Julie has a question; how do you publicize your lead magnet other than by plaguing the life out of everyone with the same post promoting it? Well, there are lots of ways.
Sacha Black: Sorry, can I jump in?
Orna Ross: Go ahead.
Sacha Black: Well, I suppose it's the same way you advertise your books. So, it depends if you're doing fiction or nonfiction, but yes, obviously having a popup on your website really helps, if you have social media channels and you've just updated your reader magnet, then promote it on your, your channels; promote it on your Instagram or your Facebook page, you could run ads to it if you wanted to. It's not a requirement. Also, if you go on to different podcasts and you are interviewed, then, of course, mention the fact that you…most podcasters will say, oh, and where can everybody find you at the end of the interview, and make sure you say, oh, this is my website, and if you want to sign up to my mailing list, you'll get X, Y, and Z, but it's really cool.
And you'd be amazed at how many people will come and sign up and find you. I think listeners are being trained to do that because podcasts don't necessarily always have the link. You know, we have to go and find the people afterwards. So, that's another way, I don't know if you want to add something?
Orna Ross: Yeah, I think, again, not to kind of labor the point, but again, thinking about it creatively, Julie so that, any way in which you can kind of go around, carrying that offering under your elbow, ready to give it to whoever might want it. The most important place, actually is at the back of your book, of your existing books so that people are brought…anyone who's just finished your book, and has got as far as reading the end, is very warm and very ready for more. So, if you offer them a nice gift at that point, I think that's a really good thing to do. And just, generally, to keep thinking about it, rather than trying to think about selling your book to somebody, think about giving them this gift instead, it's a much better route. You mentioned ads, Sacha. I mean, a lot of people are using their magnet for the ads, not trying to sell the books, getting the sign up. And I remember Mark Dawson saying, at one point, that he would rather have a sign up than a sale any time.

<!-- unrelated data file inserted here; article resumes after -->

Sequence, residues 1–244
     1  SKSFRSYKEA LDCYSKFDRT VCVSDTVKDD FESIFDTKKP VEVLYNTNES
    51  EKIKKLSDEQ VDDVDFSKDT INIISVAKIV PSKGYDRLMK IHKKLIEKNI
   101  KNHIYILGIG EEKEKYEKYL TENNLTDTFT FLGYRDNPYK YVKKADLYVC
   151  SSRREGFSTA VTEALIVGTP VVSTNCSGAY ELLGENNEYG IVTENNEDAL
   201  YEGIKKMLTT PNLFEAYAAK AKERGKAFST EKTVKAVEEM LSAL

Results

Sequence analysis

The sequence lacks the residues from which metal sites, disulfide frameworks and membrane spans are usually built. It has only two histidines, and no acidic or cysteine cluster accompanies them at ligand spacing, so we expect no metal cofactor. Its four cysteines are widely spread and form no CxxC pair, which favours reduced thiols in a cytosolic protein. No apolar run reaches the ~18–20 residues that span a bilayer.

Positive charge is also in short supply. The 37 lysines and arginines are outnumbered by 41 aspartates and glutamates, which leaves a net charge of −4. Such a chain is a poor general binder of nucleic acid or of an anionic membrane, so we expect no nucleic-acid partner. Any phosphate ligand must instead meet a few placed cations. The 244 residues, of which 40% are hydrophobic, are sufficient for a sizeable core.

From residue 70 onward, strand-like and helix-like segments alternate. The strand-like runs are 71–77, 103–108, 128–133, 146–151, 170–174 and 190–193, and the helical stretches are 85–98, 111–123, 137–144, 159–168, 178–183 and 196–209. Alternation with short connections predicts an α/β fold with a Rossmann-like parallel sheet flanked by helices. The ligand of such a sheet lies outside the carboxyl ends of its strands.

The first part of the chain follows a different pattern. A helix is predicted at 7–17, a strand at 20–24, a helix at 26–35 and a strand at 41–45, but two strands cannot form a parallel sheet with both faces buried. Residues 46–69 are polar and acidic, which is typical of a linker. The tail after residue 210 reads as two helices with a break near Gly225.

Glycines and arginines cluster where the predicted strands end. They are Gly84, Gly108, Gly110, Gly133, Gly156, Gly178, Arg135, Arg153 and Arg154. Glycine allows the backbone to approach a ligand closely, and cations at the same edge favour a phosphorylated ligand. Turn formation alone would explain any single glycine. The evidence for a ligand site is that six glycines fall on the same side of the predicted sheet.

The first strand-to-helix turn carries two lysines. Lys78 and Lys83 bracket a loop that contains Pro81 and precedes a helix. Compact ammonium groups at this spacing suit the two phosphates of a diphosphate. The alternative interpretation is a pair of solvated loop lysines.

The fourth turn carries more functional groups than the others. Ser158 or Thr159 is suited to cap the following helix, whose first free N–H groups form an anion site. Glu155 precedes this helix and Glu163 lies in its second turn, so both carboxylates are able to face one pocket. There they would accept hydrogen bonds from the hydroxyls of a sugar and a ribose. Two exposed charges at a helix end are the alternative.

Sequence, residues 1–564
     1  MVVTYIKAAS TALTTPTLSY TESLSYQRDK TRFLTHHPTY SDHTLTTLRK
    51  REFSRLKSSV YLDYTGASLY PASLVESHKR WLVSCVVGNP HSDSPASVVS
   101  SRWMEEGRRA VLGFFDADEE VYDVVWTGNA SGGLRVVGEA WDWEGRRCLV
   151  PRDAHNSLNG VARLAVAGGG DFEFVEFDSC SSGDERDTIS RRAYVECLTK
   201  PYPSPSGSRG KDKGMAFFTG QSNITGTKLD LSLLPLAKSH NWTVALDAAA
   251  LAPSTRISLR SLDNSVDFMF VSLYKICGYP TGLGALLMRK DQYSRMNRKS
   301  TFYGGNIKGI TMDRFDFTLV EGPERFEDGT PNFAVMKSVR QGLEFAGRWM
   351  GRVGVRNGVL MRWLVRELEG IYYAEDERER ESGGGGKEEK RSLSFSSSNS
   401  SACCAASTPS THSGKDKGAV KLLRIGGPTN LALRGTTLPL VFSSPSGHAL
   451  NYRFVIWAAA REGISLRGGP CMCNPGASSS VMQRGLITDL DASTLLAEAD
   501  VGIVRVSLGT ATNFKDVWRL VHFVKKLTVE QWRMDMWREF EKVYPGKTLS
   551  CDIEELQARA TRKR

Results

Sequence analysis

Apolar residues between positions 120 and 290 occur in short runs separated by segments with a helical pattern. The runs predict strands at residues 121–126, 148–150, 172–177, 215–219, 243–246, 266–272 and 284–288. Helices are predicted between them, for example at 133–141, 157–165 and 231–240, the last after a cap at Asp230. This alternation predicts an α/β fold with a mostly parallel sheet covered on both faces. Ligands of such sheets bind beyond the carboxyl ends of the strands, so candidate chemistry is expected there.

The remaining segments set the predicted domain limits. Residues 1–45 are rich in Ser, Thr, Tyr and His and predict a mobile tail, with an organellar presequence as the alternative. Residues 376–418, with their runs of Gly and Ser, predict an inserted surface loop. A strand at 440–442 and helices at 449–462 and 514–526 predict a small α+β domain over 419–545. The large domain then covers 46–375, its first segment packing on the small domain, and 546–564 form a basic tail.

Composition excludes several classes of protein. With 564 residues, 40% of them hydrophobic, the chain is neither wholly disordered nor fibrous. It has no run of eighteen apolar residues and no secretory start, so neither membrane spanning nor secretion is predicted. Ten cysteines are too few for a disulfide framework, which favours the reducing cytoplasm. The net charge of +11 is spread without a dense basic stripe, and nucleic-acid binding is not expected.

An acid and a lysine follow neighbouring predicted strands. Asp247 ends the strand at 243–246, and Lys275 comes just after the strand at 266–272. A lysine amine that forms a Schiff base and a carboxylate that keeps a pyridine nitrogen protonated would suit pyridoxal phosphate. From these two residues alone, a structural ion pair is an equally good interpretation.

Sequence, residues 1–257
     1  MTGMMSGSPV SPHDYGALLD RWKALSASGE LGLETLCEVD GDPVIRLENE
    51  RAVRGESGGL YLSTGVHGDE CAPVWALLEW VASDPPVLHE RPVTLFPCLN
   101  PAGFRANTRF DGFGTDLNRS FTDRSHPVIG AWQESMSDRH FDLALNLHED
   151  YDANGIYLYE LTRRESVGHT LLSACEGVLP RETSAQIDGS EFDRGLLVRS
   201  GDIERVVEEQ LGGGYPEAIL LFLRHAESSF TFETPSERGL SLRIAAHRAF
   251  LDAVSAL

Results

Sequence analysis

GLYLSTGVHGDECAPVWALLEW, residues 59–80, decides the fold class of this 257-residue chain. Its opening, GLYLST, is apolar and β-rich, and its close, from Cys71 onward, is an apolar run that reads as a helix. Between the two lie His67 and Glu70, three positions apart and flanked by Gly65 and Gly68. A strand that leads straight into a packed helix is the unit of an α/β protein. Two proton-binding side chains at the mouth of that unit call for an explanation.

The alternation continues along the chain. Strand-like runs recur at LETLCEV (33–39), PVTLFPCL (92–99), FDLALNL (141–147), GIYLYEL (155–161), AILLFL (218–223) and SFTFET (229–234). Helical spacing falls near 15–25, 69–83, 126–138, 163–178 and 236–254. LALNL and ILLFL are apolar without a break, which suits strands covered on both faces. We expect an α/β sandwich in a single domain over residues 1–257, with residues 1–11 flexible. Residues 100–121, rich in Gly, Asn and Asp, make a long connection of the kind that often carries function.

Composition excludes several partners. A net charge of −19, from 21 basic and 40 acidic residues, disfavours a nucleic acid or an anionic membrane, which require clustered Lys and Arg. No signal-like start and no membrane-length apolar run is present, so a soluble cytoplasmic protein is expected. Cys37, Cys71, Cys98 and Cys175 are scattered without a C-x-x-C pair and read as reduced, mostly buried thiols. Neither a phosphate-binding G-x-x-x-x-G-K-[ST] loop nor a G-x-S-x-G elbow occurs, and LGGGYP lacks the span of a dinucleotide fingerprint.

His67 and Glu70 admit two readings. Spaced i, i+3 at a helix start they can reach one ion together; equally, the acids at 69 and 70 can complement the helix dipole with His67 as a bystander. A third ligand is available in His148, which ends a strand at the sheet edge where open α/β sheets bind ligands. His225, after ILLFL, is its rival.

So, you know, yeah, go on.
Sacha Black: Well, I was just going to say, and that's exactly the point because once you have them on your mailing list, you have your autoresponder sequence, which is a set of prewritten emails that goes out at your pre-decided amount of days, that could be once a week or whatever. And each subscriber that comes on is new to you. So, they may not know that you have five other books. So, you can always launch a book to them as you in that autoresponder sequence. So, whilst you're not necessarily getting a sale at the point of sign up, as long as you've included an email in that sequence that says, Oh, and by the way, you might be interested in this. Much later, you know, obviously put that later in the series, you want to warm them up a bit more in the earlier emails, then you could get that sale later down the line.
So, yeah, I don't know, I lost my train of thought, but you know what I'm saying?
Orna Ross: Absolutely, really important.
Julie says she's trying most of that, but it's really not working. And I'm interested to hear that. So, if something is not working and you are genuinely doing it, and by the way, if it's genuinely not working, because sometimes authors say to me, you know, I'm doing this and it's really not working and I'm only getting X number of signups a week. And I say, well, actually, in your genre at the moment, with one book that is an excellent sign up rate. So, make sure that your expectations aren't a bit unrealistic, especially when we compare ourselves to some of the things that we hear about in terms of signups in the indie space, it can be quite confusing and fiction and nonfiction are very different. Fiction is much slower, it tends to get much faster down the track, but slow at the beginning.
Sacha Black: Yeah, and with those expectations, let's put it into context. So, they say, ‘they'; the wise and literary gods that may or may not be, say that you can expect, on average, one review per 100 plus sales. So, if you're only getting one review per 100 sales, the amount of subscribers is probably going to be similar or less, because to give over an email address is quite a thing at the moment, especially, if you don't have a reader magnet.
So, if you do, then it could be around that, but just to manage the expectations, you're not going to get 10 sales and, you know, six or seven subscribers. That's not how it works. This is a numbers game. The more sales, the more subscribers you will get. So, it is slow at the start.